China, well.. China.
Yeah. Chinese factories, far from the prying eyes of all but the most diligent manufacturing company heads and paying pennies in labor costs, have been able to manufacture decent bikes and parts at a fraction of the cost of doing so in North America and Europe. Chinese parts have become the industry standard, while US- and EU-made parts have become "high zoot" and far more expensive than their Chinese-made counterparts.

Sure, some of that can be blamed on China's treatment of workers and the massive scale of their manufacturing. But some of it can also be blamed on a sense of guilt-induced cache that is added to the already higher price of US/EU-made goods. Yes, workers in the US and EU earn far more -- and their cost of living is higher. However, it would be interesting to stop and ask ourselves -- how much of our desire for goods made in the US and EU comes from needing to feel better about our buying power as expressed through our choices?

Guess what?
The more I watch the bicycle industry evolve, the more I become convinced that the average consumer actually holds very little power in this structure.
We spend according to our means -- or, more likely, according to the level of risk we're willing to take before the credit card bill comes in the mail next month.
If we ignored the efforts of Madison Avenue, THEN we'd have some real power. But too many of us (myself included, from time to time) are too easily manipulated by advertising; by the rules of the workplace which dictate that you have to look successful in order to somehow become successful; and by bicycle manufacturers dangling racer dreams in front of us that few of us can ever hope to catch.

But things are changing. And it's partly because of the internet, and China.
People are deciding that they want to live more within their means. They're cutting up their credit cards and learning to live on less money. They shop only when they actually need something, and learn how to maintain what they already own. And that includes bicycles.

Thanks to the internet, there are thousands of bicycle repair tutorials a keystroke away.
Thanks to China, when you need replacement parts, you can buy them yourself, online, for far less than you'd pay in a local shop.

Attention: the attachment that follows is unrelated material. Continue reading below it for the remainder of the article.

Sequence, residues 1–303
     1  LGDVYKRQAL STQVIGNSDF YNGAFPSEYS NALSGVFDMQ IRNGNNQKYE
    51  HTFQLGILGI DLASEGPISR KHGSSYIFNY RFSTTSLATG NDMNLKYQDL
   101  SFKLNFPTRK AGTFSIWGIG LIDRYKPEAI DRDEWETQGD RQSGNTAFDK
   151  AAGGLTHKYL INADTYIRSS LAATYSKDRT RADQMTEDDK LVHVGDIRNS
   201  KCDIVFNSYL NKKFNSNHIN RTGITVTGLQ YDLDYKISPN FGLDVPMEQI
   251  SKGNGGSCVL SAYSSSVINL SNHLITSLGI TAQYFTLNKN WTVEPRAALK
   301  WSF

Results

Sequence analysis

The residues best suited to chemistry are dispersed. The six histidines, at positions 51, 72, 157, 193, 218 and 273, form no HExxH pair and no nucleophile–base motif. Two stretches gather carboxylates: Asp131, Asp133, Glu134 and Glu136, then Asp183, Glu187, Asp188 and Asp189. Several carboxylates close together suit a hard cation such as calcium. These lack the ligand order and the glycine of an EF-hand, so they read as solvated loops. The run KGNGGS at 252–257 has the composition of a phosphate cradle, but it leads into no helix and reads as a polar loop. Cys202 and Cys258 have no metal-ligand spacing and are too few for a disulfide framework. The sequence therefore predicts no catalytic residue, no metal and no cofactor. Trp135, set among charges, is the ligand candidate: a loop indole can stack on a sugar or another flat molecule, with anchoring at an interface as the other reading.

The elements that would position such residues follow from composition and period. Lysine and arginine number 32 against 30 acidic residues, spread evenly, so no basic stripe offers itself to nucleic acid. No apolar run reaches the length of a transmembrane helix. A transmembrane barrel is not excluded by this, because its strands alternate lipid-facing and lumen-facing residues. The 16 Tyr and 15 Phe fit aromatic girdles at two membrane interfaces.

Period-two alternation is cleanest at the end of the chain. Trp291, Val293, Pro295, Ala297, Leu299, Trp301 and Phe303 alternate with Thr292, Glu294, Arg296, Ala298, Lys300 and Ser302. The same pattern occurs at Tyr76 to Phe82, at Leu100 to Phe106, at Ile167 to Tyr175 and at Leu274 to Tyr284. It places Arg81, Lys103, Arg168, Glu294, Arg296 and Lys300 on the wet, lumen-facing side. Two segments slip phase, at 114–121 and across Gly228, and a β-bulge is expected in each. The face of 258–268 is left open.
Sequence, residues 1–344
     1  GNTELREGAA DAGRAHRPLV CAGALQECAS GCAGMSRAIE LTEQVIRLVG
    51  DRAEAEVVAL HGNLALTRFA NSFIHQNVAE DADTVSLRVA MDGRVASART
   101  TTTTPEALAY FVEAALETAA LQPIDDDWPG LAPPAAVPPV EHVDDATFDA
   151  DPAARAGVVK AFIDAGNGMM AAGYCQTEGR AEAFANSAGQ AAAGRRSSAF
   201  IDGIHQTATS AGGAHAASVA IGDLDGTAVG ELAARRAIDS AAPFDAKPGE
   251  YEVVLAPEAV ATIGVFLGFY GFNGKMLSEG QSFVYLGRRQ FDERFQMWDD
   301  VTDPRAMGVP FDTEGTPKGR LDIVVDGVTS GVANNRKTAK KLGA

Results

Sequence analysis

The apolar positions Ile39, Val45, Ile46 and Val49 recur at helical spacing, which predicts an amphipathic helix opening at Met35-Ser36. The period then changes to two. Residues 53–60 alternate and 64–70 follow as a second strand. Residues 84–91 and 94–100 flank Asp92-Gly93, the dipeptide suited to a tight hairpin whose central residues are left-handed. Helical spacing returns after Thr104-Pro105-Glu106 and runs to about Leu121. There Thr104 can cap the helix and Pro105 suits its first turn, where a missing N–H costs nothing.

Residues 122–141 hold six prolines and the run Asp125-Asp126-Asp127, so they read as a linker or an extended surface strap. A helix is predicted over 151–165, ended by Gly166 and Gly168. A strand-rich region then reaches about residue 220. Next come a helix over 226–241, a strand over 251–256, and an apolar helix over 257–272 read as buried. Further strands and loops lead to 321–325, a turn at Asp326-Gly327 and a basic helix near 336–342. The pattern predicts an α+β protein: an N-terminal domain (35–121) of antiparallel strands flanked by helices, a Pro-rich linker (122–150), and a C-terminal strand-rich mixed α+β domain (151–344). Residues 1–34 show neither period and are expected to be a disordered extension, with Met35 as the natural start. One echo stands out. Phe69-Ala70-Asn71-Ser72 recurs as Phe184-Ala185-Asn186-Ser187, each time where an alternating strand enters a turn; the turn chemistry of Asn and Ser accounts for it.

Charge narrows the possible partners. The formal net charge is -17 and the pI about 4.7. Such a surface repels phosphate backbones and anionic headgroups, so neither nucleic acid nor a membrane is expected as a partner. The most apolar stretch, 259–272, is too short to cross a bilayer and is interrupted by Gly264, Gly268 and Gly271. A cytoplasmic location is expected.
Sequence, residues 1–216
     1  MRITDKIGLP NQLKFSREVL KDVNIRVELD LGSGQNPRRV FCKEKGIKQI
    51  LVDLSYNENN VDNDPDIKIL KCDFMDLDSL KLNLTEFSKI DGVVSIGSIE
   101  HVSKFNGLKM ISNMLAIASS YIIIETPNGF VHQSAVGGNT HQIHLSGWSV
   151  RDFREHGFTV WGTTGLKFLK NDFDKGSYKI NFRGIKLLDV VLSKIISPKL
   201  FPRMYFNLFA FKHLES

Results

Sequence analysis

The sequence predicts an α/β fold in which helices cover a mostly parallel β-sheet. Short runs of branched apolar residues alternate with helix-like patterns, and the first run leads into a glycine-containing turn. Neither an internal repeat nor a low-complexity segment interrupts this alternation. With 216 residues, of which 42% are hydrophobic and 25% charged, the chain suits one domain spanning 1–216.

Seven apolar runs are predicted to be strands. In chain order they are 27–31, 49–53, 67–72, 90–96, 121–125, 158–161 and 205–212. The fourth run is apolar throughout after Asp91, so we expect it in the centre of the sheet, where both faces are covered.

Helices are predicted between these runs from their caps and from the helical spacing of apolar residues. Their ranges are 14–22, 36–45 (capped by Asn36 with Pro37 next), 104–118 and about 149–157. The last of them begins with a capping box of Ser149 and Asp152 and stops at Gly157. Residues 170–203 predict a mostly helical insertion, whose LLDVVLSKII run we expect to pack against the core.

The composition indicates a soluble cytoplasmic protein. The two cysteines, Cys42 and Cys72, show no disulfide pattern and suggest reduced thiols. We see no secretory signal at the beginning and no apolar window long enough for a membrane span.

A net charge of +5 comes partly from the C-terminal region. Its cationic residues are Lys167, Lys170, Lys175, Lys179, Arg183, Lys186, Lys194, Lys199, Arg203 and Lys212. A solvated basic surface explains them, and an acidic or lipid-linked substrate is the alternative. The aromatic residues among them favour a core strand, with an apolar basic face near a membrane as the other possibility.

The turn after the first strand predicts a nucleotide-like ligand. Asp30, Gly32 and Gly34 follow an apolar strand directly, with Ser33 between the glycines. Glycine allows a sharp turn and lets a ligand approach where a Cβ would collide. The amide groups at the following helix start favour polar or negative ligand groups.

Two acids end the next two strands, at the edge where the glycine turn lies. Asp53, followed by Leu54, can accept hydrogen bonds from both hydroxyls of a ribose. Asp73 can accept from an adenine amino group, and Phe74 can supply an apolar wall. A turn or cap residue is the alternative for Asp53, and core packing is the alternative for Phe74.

And bike shop owners can do one of two things:

They can howl about how unfair it is. Those are the ones who will likely fold before too long.

Or they can adapt. Multi-purpose your space: serve coffee and lunch for the customer to eat while they wait for a simple repair. Teach repair classes for the simpler stuff and make more room on the board for the complex things that only trained mechanics should mess with.
Adapting also means running a leaner, smarter business. Because consumers WON'T stop buying on the cheap until they CAN'T anymore -- either because of trade restrictions and embargoes, or because of Peak Oil, or whatever else comes down the pike.

Some of us know that such a time might come in our lifetime. So we keep our skills handy and stock up on parts we've gleaned from other people's throwaways.
We repair derailleur springs and overhaul freewheels.
(Freewheels? Nobody rides those things anymore!  Well, actually, they do. I do, and they work just fine.)

I am sitting on a secret stash of highly un-glamorous -- even somewhat rusty -- but perfectly functional bike parts and I pull from that stash to repair bikes that come my way.
I value department store bikes -- as long as they're whole and they can still roll, I can tune them up and make them rideable and safe. And that is perfectly and totally fine.

In the end, the bike-boom ship has sailed (it sailed in late 2008, and the number of people still pining for that time shocks me). We will never again see lots and lots of legitimate retail bike stores selling only used product and still operating at a profit. That will become the realm of the non-profit, charity organization which doesn't have to worry about doing more than breaking even and hanging on until the next grant cycle comes. Anyone else dealing in used bikes will be doing it out of their house, on a scale so small the IRS will shrug and leave them alone, because it's just not worth their time and manpower to go after the home mechanics of the world.

And things will stumble along as they are for a little while yet.
Meanwhile, I think I'll go ride my bike.


Tuesday, May 16, 2017

pedal update

A few months ago I purchased a new set of platform pedals for my All-Rounder. I liked the look of the VP pedals, but they weren't grippy enough for riding in the rain (which happens often here).
I liked the grippyness of the Redline platforms a little better, but they looked klunky and were heavy.
So I bought these.
 

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Yes, I found them on eBay (sue me, this is the world we live in right now and I'm on a budget).
They come branded with names like Base Camp and Scudgood (yes, really). In some cases, they also come in colors besides black (orange, red, blue -- though sadly, NOT gray).

But at less than $20 bucks for a pair including shipping, I figured I could give them a try and at least they wouldn't totally suck.
Since installing them four months ago, I've been surprised and pleased by them.
They're low-profile like the VP pedals I'd tried; and the pins are long enough to be really grippy -- more than the Redline pedals were. After nearly five hundred miles on them in dry and wet conditions, they're holding up beautifully. I liekd them so much that two months in I bought another pair for my Bridgestone. Since then, I've mostly sold off or given away most of the other platform pedals I'd tried and/or had lying around.